What to do in an asthma attack - Caidr
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What to do in an asthma attack

Updated 04.04.2022
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Asthma is usually well-controlled with a preventer inhaler and occasional use of a reliever inhaler. From time to time, symptoms may flare up and cause an asthma attack – you might be able to identify a trigger or this may come out of the blue. Whether you are the one suffering the attack, or you are on hand to help someone else, this can feel frightening. Fore-warned is fore-armed, so it’s important to know what to do, as in some circumstances this can be life-threatening. Let us arm you with techniques to treat this and help you to recovery.

How to recognise an attack

Uncontrolled asthma has four key symptoms: chest tightness, feeling short of breath, a cough or a wheeze (a high-pitched sound when you breathe out). An attack brings on severe chest tightness and a feeling that you can’t get enough air into your lungs. Others may notice that you’re taking rapid, shallow breaths and struggling to speak normally, or you may be clutching your chest or throat.

What action to take

First things first, make sure you’re seated – on the floor if necessary. Don’t try to keep talking, but focus on deep slow breaths in and out, as far as you are able. If you’re the person helping, try to give an air of calm. Your blue inhaler – salbutamol, known as the reliever – is effectively your liferaft. You should take up to 10 puffs of this. Try to use your usual technique to get the maximal benefit: exhale, click, then inhale fully and slowly for each puff – take 30 to 60 seconds between puffs. Use a spacer if you have one handy – it can help to deliver the medication to your lungs. If you feel better after this, get a same-day assessment with your doctor or emergency department, and they may suggest starting steroid tablets, which act as an anti-inflammatory, and they may advise to increase your preventer inhaler.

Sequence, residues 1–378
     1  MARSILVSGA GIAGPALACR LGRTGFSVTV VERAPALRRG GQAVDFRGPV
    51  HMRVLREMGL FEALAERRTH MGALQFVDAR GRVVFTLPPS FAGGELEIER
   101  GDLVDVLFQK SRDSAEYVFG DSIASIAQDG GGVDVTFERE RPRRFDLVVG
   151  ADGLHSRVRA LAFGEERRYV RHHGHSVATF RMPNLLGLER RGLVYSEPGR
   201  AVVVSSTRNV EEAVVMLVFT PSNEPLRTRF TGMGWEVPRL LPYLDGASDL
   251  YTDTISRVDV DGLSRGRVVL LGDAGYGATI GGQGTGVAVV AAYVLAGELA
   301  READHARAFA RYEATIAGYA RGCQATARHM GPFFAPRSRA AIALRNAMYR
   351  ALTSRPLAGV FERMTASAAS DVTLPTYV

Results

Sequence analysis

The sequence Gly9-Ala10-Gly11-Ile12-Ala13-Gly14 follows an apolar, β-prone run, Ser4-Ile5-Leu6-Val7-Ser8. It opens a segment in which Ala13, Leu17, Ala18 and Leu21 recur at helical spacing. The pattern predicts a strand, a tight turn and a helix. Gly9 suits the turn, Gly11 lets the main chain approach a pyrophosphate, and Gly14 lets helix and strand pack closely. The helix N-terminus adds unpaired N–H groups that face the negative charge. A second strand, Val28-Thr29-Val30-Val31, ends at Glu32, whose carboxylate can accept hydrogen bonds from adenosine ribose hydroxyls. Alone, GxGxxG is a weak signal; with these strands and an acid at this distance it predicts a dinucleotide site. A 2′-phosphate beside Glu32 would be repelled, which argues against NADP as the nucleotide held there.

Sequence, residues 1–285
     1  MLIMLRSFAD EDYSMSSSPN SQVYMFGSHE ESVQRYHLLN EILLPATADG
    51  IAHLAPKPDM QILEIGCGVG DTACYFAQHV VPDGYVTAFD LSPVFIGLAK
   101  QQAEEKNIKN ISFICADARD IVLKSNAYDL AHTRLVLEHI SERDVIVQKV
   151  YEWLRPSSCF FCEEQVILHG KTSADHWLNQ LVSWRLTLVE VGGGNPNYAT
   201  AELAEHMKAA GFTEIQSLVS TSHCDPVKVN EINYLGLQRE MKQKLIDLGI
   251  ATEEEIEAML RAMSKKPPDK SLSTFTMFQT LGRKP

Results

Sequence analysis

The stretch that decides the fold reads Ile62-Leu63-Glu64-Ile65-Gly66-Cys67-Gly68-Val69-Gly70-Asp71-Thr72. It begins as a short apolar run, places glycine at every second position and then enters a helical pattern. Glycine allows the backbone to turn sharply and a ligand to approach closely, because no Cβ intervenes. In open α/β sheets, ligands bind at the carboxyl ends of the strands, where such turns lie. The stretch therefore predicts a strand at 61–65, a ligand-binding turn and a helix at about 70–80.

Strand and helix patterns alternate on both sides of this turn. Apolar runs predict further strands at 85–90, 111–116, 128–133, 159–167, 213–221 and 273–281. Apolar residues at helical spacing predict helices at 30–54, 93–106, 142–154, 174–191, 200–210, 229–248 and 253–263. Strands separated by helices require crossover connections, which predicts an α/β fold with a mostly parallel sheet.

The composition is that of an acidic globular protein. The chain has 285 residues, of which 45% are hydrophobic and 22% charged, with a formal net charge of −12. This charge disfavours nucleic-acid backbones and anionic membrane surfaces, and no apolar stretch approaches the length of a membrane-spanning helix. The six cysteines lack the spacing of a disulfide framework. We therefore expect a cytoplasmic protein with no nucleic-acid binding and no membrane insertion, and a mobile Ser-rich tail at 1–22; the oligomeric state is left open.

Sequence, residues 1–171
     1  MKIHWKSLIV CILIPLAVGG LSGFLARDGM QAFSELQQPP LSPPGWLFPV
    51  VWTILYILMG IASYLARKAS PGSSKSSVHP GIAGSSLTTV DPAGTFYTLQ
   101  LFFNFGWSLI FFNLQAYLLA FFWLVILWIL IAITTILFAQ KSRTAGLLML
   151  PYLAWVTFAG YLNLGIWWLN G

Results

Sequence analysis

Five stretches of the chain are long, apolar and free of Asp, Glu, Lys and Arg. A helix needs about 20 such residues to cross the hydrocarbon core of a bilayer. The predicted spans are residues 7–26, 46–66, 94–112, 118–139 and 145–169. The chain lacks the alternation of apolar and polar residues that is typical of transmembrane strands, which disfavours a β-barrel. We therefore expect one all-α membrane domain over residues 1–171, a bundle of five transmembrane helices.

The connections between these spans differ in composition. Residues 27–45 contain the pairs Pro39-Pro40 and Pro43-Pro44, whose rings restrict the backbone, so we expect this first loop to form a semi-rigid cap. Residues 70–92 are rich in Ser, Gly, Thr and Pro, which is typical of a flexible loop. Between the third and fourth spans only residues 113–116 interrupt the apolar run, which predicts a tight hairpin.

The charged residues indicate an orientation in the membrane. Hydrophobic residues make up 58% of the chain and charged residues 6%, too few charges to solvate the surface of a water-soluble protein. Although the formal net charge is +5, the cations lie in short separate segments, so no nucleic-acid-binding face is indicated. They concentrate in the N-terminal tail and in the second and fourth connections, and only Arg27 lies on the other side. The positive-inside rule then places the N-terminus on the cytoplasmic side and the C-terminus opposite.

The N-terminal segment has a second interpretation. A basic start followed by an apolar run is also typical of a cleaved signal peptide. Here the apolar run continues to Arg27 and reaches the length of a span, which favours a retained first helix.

When to call for an ambulance

If you are witnessing an asthma attack, call 999 immediately if someone has collapsed and stopped breathing. If they are breathing and awake, but unable to speak or they look pale or blue around the lips, you should call 999. If the 10 puffs of salbutamol inhaler have not helped, this is also reason to call for urgent help. You can repeat the sequence of 10 puffs after 15 minutes, while waiting for the ambulance. An ambulance crew will be able to administer oxygen and nebulisers, which are inhaled droplets of targeted medication to help the airways open up. They will administer life-saving medication and have equipment to take over ventilation, if necessary. Asthma causes three deaths per day in the UK, two of which are usually preventable. It’s important to take attacks seriously and not hesitate to get help. After the emergency has passed, the hospital team may wish for you to stay in for nebulisers and steroid tablets. In milder cases not requiring hospital admission, your doctor can start steroid tablets, and will review you a couple of days later.

Is there anything to prevent future attacks?

If you notice your asthma symptoms are gradually worsening, seek a review with your doctor sooner rather than later – this may prevent an attack. Ensure you are taking your preventer inhaler every day as prescribed, and make sure you order more before running out. Being prepared is key, so make sure you have enough blue inhalers that you can keep one to hand – if you regularly stay between two homes, keep one at your partner’s, and if you are regularly out and about, keep one in your pocket or bag. If you don’t have it while outside your home and you’re having an attack, a nearby pharmacy can help. Knowing your triggers can help to predict attacks, and you can take your blue inhaler as a precaution if you know you may be at risk.

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